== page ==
After all, we live in a world in which cocaine, yet to be formally and scientifically labeled "addictive" (only craving-causing), is outlawed while its functional equivalent, Ritalin, is prescribed for children (although, after reading this book, you can't help but feel its day of going from saintly to demonic can't be far off). The Dutch legalized, controlled, and most importantly taxed about everything druggy and saw their abuse rates decline (giving the lie to those who argue that legalizing drugs would cause an abuse explosion).

All drugs come with stories and histories, both of their use and those of their users, and it's those stories and histories which separate the "saintly" from the "demonic," not the inherent qualities of the drugs themselves. When the users of coca products were primarily middle-aged women scared away from "demon rum" use, we didn't demonize it. Those days have clearly changed as those types of women have moved to other "saintly" drugs. In the meantime, propagandizing and empire-building bureaucrats on all governmental levels have mobilized the stories of "demons" and their drugs to support their careers, images, and own psychological needs (while the real killers of the drug world--alcohol and nicotine--remain legal, although DeGrandpre would argue that the "placebo text" thing applies to nicotine as well). He is masterful in telling the sorry and predictably human history of our drug delusions, good and bad, and the interests they have served. I doubt that he is surprised that medical marijuana is getting the opposition it does while our saviors from drug harm let Prozac and its cousins go off motivating suicides and murders. After this week's latest professional wrestling horror, do we really have to pretend pot is worse than steroids???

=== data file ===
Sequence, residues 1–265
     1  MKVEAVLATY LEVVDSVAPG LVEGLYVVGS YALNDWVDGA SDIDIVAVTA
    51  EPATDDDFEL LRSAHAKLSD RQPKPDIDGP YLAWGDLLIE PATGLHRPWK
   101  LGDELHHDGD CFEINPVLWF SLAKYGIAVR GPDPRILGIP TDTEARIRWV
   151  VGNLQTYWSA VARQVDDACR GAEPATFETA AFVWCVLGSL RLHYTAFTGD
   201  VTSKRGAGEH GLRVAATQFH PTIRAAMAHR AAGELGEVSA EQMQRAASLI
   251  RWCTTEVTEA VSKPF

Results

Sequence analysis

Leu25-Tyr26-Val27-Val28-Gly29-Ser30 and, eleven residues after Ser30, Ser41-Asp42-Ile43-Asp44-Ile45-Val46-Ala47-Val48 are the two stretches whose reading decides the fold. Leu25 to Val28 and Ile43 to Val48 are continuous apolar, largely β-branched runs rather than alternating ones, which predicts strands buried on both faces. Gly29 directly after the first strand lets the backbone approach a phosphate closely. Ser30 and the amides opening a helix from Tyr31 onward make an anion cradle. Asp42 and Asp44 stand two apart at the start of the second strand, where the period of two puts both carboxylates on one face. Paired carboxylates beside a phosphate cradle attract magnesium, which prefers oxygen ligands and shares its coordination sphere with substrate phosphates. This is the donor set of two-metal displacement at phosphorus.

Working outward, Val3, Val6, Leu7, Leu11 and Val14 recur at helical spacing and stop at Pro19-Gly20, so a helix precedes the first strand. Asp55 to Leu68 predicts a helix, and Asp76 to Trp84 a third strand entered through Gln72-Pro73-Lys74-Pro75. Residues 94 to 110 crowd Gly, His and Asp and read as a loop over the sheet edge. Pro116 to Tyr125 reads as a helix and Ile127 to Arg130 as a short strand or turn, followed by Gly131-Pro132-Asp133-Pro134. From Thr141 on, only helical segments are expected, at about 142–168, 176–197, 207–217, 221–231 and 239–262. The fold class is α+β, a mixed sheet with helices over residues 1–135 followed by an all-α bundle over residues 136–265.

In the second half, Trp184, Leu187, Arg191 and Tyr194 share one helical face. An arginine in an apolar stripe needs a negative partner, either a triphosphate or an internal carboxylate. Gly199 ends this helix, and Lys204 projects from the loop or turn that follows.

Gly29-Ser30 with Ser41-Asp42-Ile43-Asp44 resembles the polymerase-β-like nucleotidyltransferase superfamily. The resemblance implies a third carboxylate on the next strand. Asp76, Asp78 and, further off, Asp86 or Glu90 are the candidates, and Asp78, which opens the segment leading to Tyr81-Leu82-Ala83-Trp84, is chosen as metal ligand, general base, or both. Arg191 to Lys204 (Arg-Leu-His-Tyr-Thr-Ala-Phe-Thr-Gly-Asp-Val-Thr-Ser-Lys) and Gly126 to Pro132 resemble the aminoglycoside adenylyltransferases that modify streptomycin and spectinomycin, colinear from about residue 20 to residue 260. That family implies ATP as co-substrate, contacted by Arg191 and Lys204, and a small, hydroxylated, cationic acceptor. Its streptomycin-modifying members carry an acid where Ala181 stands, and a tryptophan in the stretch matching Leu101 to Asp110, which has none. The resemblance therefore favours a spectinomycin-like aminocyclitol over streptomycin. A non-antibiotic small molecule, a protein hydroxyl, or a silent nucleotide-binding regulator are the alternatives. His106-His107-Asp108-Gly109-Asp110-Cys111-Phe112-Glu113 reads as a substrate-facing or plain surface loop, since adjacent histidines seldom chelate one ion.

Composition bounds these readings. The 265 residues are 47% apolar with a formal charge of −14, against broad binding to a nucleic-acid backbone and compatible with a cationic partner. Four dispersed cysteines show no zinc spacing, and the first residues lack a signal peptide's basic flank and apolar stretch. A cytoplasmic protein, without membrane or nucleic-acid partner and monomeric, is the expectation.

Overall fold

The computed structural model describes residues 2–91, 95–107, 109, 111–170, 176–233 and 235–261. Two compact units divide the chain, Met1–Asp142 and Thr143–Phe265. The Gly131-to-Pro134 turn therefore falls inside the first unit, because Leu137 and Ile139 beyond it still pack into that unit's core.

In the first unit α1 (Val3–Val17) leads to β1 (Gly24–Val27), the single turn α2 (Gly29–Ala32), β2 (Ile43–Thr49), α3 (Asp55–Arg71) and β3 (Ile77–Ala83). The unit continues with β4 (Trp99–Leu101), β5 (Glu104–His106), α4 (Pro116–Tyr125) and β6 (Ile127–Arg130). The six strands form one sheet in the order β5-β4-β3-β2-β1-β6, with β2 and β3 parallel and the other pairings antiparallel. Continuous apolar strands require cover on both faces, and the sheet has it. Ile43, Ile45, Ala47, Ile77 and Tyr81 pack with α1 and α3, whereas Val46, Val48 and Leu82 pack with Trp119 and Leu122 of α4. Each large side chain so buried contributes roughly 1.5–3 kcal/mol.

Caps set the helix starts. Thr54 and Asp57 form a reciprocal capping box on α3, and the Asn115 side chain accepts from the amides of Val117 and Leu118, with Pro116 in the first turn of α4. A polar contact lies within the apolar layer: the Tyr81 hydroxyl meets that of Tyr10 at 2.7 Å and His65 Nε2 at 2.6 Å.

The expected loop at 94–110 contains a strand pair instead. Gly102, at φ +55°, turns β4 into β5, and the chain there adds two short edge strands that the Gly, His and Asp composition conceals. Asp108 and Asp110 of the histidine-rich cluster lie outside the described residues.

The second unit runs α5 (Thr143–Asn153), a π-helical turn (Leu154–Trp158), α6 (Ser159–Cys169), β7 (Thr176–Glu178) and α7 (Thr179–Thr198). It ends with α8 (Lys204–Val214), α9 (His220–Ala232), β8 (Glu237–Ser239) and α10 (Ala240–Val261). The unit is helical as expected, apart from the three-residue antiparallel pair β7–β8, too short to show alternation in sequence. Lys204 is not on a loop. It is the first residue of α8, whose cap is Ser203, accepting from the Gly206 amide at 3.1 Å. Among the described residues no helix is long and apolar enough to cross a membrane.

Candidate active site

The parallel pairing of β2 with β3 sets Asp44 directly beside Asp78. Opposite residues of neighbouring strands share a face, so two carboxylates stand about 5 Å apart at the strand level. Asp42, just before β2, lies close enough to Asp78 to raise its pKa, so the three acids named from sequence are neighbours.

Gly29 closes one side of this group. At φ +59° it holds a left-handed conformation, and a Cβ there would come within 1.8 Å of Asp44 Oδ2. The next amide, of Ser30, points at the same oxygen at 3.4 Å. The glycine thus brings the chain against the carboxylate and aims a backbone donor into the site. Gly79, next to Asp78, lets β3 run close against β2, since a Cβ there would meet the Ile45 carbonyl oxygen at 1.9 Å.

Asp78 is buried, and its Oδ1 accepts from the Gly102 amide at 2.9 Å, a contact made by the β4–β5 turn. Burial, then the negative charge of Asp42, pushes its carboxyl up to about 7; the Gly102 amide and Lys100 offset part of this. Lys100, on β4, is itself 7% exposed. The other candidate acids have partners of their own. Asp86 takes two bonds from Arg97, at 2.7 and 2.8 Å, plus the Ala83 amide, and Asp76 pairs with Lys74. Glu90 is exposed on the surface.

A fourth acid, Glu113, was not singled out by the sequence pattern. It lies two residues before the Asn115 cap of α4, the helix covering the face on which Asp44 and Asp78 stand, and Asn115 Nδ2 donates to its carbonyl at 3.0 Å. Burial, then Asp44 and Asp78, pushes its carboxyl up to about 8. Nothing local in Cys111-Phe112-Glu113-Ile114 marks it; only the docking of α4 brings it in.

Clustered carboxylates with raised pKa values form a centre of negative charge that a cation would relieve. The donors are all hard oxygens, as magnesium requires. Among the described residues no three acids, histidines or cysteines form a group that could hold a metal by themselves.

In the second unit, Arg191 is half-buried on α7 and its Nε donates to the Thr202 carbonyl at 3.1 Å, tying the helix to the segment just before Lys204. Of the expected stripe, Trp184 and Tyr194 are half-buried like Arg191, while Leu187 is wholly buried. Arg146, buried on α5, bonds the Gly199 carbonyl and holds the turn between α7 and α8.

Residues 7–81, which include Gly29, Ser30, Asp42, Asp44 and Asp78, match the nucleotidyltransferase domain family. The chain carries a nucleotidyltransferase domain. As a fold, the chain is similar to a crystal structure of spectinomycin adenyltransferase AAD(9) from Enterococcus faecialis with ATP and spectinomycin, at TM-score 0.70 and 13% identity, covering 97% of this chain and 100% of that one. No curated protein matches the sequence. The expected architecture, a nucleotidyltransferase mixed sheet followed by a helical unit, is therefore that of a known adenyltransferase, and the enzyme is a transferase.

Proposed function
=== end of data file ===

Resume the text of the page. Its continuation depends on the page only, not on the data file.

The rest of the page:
Frankly, as someone who's read several of these kinds of histories and analyses, I can tell you it's very hard to read this and not finish enormously depressed by the politicization of our drug policy and our failure to let real authorities--the medical community--address our problems here instead of guys who get funds from busts and other rewards professionally and personally from spreading fear instead of sensible info and advice about how to prevent and respond. And I'm not getting into the violence and destruction that anyone who paid attention during Prohibition knew would happen when more substances got this kind of government focus. Like the eventually acknowledged failure and later more effective treatment of alcohol as a "demon" substance have shown, as DeGrandpre says, "No doubt the war on drugs will one day rank among the most shameful periods in American history." The final thing you might take from this book, which despite the depression it will cause I encourage you to read, is the realization that our war on (some) drugs has itself become an addiction, complete with the denials and scoffing of those most addicted, that will take hard truths to break. DeGrandpre's book is that hard truth. It's out there, as are other books. And few are paying attention.

What does that say about how this addiction will end?